Wednesday, December 24, 2014


Tanks! For the memories! OK, dumb pun out of the way, Fury is the latest film written and directed by David Ayer (End of Watch). Ayer also co-wrote and directed (and regretted) the Arnold Schwarzenegger vehicle Sabotage, but now he's back in the saddle with this tale of a WWII tank crew captained by Brad Pitt.

Ayer is excellent at creating movies about male relationships, and Fury is a tour-de-force of war-forged brotherhood, as this squad of men have fought together in this crappy old American tank for years.

The story is that, at the end of the war, a tank crew are part of the final push toward Berlin and, as the movie opens, they've lost one of their team. The replacement they get isn't just young, but not even combat trained—just a warm body that the Army has thrown into the mix.

This is, essentially, a road picture, probably moreso than a war movie. It's a series of vignettes showing how the new kid becomes one of the team as the tank moves from place to place, less about any tactical or strategic goal. As such it's very good. (End of Watch had a similar form, as I recall.)

I heard some people sort of dismissing it over moral ambiguity but I actually didn't find it to be particularly ambiguous. The stakes are high, so just as a brief hesitation can result in innocent deaths, one can't really apply non-wartime rules (particularly regarding the sanctity of life) to the situations the crew comes across.

Or, maybe I'm just a monster.

Anyway, I get the idea that Ayer throws these situations out there not for us to judge, but to get us into the mindset, which builds toward the Desperate Act of Heroism in the third act. You gotta understand the mindset, the bond, the Band of Brothers thing, for it to make sense.

Emotionally, I mean. As a practical matter the third act is kind of goofy. Ayer overplays his hand by showing us a massive battalion of super-Nazis with anti-tank weapons, against Our Boys and their one, badly damaged tank.

I didn't mind that much. It wasn't really the point, and if you could get past the improbability of it all, it's good, gripping action with characters that have been well established by that point. And, much like End of Watch, it's Manly.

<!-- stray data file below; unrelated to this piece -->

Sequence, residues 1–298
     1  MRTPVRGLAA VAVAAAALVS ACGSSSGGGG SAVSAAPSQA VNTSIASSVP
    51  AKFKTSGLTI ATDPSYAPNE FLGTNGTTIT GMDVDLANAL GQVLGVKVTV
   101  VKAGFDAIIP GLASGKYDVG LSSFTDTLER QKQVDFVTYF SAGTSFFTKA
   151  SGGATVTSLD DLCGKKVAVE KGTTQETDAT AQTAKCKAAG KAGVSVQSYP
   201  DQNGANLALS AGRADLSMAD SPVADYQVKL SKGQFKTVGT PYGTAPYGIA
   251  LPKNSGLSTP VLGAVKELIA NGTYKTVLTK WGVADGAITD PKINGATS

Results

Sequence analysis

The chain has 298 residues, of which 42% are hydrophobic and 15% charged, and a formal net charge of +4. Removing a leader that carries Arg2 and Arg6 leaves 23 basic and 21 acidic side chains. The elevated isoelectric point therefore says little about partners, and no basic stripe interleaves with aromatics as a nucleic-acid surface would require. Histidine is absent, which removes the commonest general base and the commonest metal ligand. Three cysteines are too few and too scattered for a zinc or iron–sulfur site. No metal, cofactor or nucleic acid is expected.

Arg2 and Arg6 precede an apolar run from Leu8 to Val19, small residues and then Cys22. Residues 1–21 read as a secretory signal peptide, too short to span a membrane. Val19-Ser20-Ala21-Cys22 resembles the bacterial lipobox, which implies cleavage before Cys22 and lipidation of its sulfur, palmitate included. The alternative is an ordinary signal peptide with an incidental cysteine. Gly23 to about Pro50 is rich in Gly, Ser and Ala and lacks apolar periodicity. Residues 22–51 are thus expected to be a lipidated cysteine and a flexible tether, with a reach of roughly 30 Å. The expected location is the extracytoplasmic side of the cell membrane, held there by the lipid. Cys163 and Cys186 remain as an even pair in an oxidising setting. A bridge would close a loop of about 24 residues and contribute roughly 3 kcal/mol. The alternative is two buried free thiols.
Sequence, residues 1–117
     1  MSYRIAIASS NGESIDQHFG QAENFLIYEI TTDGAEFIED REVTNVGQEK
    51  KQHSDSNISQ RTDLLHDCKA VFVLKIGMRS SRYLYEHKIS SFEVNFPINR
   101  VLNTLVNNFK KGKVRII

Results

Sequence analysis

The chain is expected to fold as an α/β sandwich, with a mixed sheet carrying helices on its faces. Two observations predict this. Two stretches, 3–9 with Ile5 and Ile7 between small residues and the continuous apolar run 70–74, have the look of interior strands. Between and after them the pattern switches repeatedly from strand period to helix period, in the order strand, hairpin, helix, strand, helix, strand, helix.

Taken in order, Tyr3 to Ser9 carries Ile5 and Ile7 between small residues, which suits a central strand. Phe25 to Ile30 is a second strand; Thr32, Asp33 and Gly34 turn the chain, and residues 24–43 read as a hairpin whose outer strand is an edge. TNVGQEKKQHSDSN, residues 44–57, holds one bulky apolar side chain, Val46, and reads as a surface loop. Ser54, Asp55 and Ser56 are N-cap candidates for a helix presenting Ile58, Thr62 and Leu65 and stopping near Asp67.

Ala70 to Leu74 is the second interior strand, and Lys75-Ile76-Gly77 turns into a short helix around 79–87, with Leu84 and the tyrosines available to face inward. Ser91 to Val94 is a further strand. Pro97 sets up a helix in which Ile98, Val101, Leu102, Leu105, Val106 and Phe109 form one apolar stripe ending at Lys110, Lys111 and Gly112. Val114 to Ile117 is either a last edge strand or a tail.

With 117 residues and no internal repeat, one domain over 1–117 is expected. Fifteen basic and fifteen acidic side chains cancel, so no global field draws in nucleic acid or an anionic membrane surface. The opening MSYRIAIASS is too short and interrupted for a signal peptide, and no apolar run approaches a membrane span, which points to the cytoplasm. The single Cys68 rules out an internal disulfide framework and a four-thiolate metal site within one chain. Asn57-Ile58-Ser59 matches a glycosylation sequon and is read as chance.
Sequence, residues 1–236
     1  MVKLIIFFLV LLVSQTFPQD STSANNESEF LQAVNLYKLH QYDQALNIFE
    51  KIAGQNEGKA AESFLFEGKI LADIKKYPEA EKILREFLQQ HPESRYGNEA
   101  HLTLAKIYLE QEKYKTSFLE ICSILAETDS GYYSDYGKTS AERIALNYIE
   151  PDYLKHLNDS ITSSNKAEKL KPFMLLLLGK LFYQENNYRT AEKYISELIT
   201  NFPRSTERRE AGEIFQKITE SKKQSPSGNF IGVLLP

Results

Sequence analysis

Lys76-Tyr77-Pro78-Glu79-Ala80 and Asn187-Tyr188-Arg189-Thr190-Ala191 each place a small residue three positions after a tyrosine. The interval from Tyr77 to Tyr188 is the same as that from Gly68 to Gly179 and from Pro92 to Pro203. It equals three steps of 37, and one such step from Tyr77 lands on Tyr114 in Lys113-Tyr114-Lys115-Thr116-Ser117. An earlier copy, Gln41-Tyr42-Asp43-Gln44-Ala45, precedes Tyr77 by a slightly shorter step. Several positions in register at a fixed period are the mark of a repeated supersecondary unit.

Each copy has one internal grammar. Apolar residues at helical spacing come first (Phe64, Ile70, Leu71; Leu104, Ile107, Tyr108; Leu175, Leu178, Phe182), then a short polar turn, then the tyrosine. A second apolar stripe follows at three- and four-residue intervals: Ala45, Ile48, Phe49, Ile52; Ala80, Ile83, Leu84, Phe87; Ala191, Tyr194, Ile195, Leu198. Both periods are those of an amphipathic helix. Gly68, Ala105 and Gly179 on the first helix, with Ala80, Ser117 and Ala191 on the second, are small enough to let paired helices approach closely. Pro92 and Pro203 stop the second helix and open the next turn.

I'm cool with that. We're lucky to get an unapologetically Manly picture in any given year.

Acting is good. It's probably my favorite (recent) Brad Pitt role. Shia LaBeouf is in it, and I didn't even recognize him. He's not in his typical typecasted role as a weenie, and he can act, I think, given a reason to. Michael Pena (End of Watch, American Hustle) and Jon Bernthal (the World's Worst Best Friend from "The Walking Dead") make up the cruder element of the crew. Logan Lerman (Perks of Being a Wallflower, 3:10 to Yuma) plays the kid.

Anamaria Vinca (of the harrowing 4 Months, Three Weeks, Two Days) plays guardian to a young fraulein Alicia von Rittberg (Barbara) during the very weird and tense "romantic interlude" vignette.

It's good. Entertaining without being glib. Enough gore (some would say too much) to keep it from being a romp but not so much (in the post-Saving Private Ryan sense) that it rubs your nose in it. A little over-the-top heroism.

Definitely worth seeing. Maybe not up to End of Watch standards (although The Boy didn't recall Watch being that great and claimed to like this better), but far better than the regrettable Sabotage. And by far better, I mean, Ayer admits to regretting doing that as a "work-for-hire" thing.

To which I say: Good. He has a unique voice. Let's hope he keeps using it.

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